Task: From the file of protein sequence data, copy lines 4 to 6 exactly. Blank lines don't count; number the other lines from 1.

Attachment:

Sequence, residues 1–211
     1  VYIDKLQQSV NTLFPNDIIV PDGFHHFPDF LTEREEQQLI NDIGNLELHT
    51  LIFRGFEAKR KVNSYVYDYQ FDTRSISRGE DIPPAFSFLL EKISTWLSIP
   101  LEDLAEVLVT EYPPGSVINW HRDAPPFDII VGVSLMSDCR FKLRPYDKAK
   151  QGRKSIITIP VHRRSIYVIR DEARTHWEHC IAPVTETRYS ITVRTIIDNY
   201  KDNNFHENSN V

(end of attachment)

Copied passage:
   101  LEDLAEVLVT EYPPGSVINW HRDAPPFDII VGVSLMSDCR FKLRPYDKAK
   151  QGRKSIITIP VHRRSIYVIR DEARTHWEHC IAPVTETRYS ITVRTIIDNY
   201  KDNNFHENSN V